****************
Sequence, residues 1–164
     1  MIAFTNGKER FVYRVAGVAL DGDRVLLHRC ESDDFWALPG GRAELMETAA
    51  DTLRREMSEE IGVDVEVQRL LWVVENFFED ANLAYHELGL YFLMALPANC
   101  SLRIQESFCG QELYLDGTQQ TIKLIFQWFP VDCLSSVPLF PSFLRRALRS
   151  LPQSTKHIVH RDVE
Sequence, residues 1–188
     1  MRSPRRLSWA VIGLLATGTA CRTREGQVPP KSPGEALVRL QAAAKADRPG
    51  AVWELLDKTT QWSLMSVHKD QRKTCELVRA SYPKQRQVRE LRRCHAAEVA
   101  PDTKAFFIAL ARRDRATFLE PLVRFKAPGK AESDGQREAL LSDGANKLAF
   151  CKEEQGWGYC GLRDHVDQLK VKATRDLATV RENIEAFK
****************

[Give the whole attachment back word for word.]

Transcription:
Sequence, residues 1–164
     1  MIAFTNGKER FVYRVAGVAL DGDRVLLHRC ESDDFWALPG GRAELMETAA
    51  DTLRREMSEE IGVDVEVQRL LWVVENFFED ANLAYHELGL YFLMALPANC
   101  SLRIQESFCG QELYLDGTQQ TIKLIFQWFP VDCLSSVPLF PSFLRRALRS
   151  LPQSTKHIVH RDVE
Sequence, residues 1–188
     1  MRSPRRLSWA VIGLLATGTA CRTREGQVPP KSPGEALVRL QAAAKADRPG
    51  AVWELLDKTT QWSLMSVHKD QRKTCELVRA SYPKQRQVRE LRRCHAAEVA
   101  PDTKAFFIAL ARRDRATFLE PLVRFKAPGK AESDGQREAL LSDGANKLAF
   151  CKEEQGWGYC GLRDHVDQLK VKATRDLATV RENIEAFK